The World Meteorological Organisation (WMO) said a full year would be dedicated to improving polar forecasting capacities in the Arctic and another year would be spent doing the same in Antarctica.
The polar regions are by far the most impacted by climate change, warming at twice the rate of the rest of the world in some areas and facing rapidly retreating glaciers and sea ice.
But because of their harsh climates, these regions are also the most poorly observed by scientists and meteorologists, impacting the quality of weather forecasts not only for the polar areas but also elsewhere.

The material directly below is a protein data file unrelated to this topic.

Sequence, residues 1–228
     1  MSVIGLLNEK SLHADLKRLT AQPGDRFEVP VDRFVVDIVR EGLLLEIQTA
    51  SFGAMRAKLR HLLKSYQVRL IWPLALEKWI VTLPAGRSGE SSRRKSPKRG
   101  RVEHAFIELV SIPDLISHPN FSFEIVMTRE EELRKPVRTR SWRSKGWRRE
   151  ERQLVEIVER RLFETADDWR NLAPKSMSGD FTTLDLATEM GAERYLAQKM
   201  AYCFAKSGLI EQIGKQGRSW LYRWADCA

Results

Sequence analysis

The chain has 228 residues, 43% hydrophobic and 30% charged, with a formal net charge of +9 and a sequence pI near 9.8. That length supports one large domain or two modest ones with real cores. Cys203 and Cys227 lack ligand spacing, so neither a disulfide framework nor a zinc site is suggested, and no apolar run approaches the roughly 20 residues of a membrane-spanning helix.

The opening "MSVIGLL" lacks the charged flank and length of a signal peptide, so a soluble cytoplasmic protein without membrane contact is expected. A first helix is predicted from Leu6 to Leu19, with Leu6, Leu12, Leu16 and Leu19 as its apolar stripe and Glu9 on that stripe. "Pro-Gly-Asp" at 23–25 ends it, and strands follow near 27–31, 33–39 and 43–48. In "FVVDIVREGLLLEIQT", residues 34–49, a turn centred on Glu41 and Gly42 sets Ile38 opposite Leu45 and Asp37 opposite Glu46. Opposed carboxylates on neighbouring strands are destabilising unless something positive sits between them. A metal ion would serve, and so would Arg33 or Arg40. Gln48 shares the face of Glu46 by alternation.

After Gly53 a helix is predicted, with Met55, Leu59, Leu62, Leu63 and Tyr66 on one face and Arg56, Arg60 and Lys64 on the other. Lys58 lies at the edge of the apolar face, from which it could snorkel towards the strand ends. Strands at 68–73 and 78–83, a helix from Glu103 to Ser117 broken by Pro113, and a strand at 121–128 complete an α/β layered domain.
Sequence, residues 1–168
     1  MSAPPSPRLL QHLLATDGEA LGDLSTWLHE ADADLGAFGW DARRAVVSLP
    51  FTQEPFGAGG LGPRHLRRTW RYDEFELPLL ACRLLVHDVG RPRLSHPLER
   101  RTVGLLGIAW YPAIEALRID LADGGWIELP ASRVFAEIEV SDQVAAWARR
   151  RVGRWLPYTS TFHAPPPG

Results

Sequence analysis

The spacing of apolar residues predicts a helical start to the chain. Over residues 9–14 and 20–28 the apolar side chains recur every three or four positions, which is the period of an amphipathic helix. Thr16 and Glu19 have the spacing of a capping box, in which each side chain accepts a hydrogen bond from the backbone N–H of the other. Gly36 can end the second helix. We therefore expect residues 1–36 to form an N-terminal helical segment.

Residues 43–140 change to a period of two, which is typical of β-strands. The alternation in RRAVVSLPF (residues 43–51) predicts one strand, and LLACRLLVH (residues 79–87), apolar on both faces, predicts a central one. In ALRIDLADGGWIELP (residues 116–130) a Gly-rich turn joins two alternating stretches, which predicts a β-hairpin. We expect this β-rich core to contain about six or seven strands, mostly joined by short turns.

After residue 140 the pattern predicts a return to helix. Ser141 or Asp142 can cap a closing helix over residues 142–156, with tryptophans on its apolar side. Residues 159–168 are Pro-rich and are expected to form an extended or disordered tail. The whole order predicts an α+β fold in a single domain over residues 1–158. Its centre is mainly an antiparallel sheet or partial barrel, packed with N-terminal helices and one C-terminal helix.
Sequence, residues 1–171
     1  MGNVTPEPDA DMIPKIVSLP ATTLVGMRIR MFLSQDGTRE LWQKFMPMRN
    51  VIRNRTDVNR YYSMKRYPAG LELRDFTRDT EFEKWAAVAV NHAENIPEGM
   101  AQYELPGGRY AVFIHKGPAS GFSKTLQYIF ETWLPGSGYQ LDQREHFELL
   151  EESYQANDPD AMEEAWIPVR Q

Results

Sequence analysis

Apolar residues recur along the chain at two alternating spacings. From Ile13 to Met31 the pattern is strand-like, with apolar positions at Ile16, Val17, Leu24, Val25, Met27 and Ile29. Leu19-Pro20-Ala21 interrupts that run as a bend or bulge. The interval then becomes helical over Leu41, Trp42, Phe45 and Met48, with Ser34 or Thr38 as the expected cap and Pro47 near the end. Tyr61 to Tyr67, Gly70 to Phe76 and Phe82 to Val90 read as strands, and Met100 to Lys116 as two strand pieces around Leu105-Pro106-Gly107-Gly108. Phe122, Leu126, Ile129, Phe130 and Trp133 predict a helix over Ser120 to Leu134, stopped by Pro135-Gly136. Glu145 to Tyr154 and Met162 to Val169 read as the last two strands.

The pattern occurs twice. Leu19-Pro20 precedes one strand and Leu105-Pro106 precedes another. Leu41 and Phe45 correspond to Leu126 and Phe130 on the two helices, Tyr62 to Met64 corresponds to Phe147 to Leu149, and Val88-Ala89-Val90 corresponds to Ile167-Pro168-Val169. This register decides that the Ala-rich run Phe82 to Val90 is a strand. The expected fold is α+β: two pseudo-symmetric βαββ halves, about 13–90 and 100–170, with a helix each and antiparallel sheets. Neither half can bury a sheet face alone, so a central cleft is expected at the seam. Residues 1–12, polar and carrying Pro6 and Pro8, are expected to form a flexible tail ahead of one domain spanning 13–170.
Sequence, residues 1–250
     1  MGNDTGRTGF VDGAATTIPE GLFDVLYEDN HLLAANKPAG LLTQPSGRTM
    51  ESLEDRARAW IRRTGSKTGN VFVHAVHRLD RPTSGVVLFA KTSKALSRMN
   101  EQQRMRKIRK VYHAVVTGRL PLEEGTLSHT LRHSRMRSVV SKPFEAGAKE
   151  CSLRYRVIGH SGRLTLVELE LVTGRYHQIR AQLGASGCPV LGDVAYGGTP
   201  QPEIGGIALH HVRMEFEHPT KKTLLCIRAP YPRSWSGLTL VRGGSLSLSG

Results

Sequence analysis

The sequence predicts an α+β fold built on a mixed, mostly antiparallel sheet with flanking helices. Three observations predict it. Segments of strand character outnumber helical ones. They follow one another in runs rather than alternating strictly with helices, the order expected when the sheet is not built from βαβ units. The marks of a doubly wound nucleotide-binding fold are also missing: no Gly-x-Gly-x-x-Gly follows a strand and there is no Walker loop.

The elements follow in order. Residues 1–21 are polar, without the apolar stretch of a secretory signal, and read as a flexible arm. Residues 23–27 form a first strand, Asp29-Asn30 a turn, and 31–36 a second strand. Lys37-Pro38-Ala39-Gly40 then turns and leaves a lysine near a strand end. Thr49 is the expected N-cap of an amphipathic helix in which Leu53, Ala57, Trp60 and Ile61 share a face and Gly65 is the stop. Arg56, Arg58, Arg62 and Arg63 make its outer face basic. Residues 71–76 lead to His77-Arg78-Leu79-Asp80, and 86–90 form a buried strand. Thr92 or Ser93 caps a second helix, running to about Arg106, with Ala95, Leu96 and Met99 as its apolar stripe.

WMO chief Petteri Taalas said that "because of teleconnections, the poles influence weather and climate conditions in lower latitudes where hundreds of millions of people live."
"Warming Arctic air masses and declining sea ice are believed to affect ocean circulation and the jet stream, and are potentially linked to extreme phenomena such as cold spells, heat waves and droughts in the northern hemisphere," he said in a statement.
From mid-2017 to mid-2019, a large international and interdisciplinary network of scientists and forecasting centres will carry out intensive observation and modelling in the Arctic and Antarctic, the WMO said.